Miss Fisher’s Murder Mysteries

By Kerry Greenwood

Cover photo: Miss Fisher's Murder MysteriesThe Australian television show is hugely popular on Tumblr, but I’ve been resisting it because it just looked a bit twee for me. However, when trying to unpack those last random boxes from my latest move (including one marked “desk stuff” that I never unpacked from the previous move that turned out to include a large set of random pens, at least half of which had dried out), I ran a couple of episodes from PBS in the background, and I was hooked. Literally, it appears to take two episodes. I finally caved and checked out the first season on DVD from the library, and Rebecca wandered in and out of the room for the first episode, sat down for the second, and then demanded that we watch the remaining ones together. We finally ended up with Netflix primarily to have access to the third and most recent season.

In case you are not on Tumblr and have somehow avoided all the Miss Fisher love, she is a flapper in 1920’s Melbourne, who sort of falls into detection through lack of anything better to do with her life. It is really hard to put my finger on what makes it so addictive, but I think it is primarily due to the characters and the actors. The plotlines are fun, but not too noticeably different from the many, many other mystery shows. Miss Phryne Fisher is unrepentantly wealthy, frivolous, feminist and raunchy, and that is actually very rare in television these days. I think this is probably the biggest aspect of her popularity – we are so parched for portrayals of sex-positive femininity that we will fall all over any and all portrayals like rabid dogs. Which is not to say that Miss Fisher doesn’t deserve all the fandom, but just to try to explain the level of adulation that even the show-creators seem a little puzzled by.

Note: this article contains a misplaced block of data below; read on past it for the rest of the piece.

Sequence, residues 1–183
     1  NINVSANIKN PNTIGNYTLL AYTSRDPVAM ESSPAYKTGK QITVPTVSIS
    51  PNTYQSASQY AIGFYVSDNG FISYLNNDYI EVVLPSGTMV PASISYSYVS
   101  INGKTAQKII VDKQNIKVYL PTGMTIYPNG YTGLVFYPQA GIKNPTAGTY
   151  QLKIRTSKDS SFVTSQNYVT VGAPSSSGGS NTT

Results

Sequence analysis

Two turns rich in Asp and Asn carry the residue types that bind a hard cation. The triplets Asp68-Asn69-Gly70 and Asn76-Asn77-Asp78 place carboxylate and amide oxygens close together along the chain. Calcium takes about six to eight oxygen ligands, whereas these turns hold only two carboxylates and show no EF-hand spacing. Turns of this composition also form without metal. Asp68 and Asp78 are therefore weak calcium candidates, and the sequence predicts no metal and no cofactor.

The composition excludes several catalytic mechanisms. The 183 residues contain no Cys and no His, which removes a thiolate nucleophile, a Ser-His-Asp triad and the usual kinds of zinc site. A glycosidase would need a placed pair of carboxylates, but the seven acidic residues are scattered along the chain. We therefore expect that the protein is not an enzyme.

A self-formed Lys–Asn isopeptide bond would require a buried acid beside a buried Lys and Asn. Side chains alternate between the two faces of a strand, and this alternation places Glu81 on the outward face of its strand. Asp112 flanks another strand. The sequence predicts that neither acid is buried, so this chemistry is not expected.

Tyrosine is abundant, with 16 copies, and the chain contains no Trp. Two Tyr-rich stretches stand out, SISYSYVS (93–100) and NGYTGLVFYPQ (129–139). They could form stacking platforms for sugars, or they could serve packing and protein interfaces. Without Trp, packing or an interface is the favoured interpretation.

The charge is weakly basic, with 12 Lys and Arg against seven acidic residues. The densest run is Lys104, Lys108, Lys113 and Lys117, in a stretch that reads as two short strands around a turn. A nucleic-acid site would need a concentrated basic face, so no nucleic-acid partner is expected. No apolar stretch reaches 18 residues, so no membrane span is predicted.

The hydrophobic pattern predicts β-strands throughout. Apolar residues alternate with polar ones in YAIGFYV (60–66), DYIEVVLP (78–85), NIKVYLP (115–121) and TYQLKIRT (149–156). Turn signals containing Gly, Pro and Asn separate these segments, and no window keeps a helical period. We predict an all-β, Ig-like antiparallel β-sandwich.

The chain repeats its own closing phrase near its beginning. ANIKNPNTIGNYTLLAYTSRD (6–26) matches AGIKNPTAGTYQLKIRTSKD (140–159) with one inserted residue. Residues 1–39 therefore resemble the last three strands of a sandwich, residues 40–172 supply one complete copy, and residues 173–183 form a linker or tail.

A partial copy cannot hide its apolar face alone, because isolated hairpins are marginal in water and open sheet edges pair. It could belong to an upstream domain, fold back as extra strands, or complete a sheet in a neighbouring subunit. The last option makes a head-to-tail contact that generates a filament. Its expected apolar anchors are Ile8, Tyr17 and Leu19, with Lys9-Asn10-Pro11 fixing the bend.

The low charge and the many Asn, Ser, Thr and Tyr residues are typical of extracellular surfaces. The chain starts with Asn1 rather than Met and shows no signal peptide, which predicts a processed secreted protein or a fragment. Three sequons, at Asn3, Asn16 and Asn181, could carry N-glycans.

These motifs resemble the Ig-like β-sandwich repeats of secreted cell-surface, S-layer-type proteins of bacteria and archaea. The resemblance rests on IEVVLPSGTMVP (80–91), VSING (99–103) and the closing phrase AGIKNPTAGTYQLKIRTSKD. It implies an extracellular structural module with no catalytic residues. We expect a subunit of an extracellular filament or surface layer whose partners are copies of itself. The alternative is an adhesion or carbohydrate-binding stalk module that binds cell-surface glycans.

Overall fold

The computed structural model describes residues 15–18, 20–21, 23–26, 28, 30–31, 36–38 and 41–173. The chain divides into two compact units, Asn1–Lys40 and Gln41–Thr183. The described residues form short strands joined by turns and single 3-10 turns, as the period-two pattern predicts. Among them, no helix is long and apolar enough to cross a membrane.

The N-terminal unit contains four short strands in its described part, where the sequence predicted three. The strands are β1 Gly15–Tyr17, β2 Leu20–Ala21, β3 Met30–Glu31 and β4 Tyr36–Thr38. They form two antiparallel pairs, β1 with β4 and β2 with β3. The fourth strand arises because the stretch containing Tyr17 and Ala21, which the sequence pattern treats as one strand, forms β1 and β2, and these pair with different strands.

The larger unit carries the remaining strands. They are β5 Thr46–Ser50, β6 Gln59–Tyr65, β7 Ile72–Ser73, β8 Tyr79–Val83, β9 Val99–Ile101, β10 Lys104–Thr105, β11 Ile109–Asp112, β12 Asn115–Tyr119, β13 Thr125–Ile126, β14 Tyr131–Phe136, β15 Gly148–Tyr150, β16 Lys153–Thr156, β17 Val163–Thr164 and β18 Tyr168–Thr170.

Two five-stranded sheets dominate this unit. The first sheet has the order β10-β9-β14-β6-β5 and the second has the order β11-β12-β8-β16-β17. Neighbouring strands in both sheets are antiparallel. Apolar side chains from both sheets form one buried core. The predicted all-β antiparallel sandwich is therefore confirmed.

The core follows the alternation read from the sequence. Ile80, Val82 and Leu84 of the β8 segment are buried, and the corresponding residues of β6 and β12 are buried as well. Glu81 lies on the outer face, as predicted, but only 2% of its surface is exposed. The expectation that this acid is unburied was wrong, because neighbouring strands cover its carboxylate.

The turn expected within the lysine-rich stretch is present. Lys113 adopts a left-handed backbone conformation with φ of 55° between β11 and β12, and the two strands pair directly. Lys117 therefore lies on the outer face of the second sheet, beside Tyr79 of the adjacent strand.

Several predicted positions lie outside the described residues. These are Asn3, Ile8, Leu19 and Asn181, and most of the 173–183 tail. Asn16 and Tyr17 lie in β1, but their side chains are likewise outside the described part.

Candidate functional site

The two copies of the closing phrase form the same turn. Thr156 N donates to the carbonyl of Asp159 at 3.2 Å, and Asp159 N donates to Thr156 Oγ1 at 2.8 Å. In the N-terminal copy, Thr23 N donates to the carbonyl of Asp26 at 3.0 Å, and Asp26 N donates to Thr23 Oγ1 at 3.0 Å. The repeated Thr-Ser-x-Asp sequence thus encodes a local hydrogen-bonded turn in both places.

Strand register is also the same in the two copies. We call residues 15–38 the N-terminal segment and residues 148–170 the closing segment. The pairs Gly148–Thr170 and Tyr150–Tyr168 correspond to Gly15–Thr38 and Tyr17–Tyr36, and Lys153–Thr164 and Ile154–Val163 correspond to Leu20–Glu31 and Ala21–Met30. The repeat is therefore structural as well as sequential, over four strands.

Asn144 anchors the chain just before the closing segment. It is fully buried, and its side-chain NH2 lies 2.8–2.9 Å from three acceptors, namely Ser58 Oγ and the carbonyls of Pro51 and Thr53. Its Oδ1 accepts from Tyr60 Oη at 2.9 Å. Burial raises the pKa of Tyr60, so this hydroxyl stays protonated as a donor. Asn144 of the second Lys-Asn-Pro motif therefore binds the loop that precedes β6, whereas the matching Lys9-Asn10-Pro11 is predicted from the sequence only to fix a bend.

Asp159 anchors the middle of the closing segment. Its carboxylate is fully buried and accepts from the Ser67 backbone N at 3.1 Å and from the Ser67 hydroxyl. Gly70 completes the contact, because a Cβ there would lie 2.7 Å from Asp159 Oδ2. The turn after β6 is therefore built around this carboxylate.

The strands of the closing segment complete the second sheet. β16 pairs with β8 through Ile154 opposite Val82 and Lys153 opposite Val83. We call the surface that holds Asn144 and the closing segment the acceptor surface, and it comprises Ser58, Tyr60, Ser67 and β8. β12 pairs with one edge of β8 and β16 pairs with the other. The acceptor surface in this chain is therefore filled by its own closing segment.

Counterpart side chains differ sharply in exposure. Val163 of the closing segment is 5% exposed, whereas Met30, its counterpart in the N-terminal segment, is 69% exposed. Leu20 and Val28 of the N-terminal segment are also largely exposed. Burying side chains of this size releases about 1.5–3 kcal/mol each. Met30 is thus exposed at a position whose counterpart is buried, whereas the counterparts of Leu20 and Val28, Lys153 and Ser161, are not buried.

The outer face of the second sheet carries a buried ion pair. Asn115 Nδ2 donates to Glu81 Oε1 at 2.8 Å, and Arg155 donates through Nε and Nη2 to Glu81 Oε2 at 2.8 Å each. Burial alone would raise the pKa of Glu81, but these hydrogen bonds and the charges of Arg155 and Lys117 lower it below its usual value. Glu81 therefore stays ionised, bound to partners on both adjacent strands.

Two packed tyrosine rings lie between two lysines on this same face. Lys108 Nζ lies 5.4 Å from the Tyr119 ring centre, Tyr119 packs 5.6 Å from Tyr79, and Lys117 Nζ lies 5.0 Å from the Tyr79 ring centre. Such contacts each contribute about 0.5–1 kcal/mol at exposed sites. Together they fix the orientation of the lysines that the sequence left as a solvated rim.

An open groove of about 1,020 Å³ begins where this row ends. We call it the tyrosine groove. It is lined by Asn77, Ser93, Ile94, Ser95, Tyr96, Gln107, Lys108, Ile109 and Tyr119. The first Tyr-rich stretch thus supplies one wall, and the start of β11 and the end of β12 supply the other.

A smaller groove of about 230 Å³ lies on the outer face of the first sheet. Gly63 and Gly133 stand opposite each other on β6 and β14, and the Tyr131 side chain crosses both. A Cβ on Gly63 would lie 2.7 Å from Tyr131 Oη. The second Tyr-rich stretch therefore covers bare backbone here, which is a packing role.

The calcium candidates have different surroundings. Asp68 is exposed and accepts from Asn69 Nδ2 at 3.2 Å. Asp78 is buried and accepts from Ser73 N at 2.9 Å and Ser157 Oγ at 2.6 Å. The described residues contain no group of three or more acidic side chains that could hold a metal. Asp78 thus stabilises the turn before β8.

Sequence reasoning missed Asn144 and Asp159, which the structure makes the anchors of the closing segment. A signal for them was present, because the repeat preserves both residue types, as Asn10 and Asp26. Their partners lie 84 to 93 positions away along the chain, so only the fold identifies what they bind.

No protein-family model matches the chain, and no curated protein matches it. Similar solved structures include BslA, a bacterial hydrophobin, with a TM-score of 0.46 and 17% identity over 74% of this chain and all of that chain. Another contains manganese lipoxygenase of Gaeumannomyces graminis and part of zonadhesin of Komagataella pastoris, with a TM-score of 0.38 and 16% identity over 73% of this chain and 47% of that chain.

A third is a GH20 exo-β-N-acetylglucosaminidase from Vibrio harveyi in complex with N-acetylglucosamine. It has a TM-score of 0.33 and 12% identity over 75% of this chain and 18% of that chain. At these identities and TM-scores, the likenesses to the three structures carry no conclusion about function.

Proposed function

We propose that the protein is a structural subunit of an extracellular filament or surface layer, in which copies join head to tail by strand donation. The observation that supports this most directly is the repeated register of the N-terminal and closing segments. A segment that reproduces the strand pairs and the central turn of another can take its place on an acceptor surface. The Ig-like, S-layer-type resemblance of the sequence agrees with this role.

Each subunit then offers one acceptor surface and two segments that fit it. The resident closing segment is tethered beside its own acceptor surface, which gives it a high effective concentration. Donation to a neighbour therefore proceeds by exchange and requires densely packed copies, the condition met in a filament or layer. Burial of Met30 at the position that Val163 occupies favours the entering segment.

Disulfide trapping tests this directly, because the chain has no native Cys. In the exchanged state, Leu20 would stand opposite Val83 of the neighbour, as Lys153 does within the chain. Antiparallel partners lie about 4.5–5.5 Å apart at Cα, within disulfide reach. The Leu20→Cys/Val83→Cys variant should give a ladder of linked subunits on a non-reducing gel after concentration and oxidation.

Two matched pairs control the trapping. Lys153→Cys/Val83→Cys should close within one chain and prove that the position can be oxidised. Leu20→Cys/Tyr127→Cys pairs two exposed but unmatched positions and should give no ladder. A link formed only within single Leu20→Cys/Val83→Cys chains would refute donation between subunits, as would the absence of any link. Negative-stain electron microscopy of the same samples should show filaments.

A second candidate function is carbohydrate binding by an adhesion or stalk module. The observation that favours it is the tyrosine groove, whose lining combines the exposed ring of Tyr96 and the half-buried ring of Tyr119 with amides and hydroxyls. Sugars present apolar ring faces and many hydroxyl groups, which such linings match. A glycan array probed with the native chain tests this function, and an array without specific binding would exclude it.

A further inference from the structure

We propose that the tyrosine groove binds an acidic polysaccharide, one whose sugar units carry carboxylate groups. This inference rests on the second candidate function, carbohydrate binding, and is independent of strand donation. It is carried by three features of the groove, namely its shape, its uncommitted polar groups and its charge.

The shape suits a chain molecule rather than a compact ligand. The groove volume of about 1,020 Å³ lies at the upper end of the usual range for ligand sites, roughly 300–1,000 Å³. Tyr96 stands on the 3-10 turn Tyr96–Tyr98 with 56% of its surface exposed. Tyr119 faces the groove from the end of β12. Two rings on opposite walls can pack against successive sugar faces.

She has endearing friendships with both her best friend, a gay lady doctor, who assists in some of the cases and is wonderfully dry, and her paid companion, Dorothy, who is a relatively conservative Catholic girl slowly falling (rising?) to Miss Fisher’s influence. Her flirtation with the local police inspector is masterful, as he clearly respects her, is attracted to her and finds her intrusive and annoying all at once. Rebecca pointed out that the actor playing the inspector deserves more than whatever they are paying him just for his very restrained but communicative expressions alone.

So, after enjoying Season 1 so much, Rebecca and I checked out a large stack of the novels it is based on. Each one is barely 200-pages long, and we anticipated a lovely month of entertaining fluff, but neither of us cared to actually read more than the first one. There was no obvious flaw to point at, but the charm of the television show just wasn’t there. Miss Fisher is described as significantly younger, and is more sarcastic and dissatisfied, which comes across as sort of bratty. The other characters are similarly diminished – Dorothy is somehow both more bitter and naïve, Inspector Robinson almost nonexistent, and the communist cab drivers more zealous and confrontational.

I started to think of this series as the flipside to the Haunted Bookstore series that I reviewed earlier. With the Haunted Bookstore novels, I could list several concrete reasons why I shouldn’t have enjoyed them, and yet I loved them all completely and read them straight through until I was so sad to reach the end. With the Miss Fisher novels (or at least the first one), there were so many reasons I should have really enjoyed it, and yet I just didn’t. I even found that while I was reading the book, my enjoyment of the television show fell off a little, so while I finished the first book, I determined not to read any more and just enjoy the show on its own.


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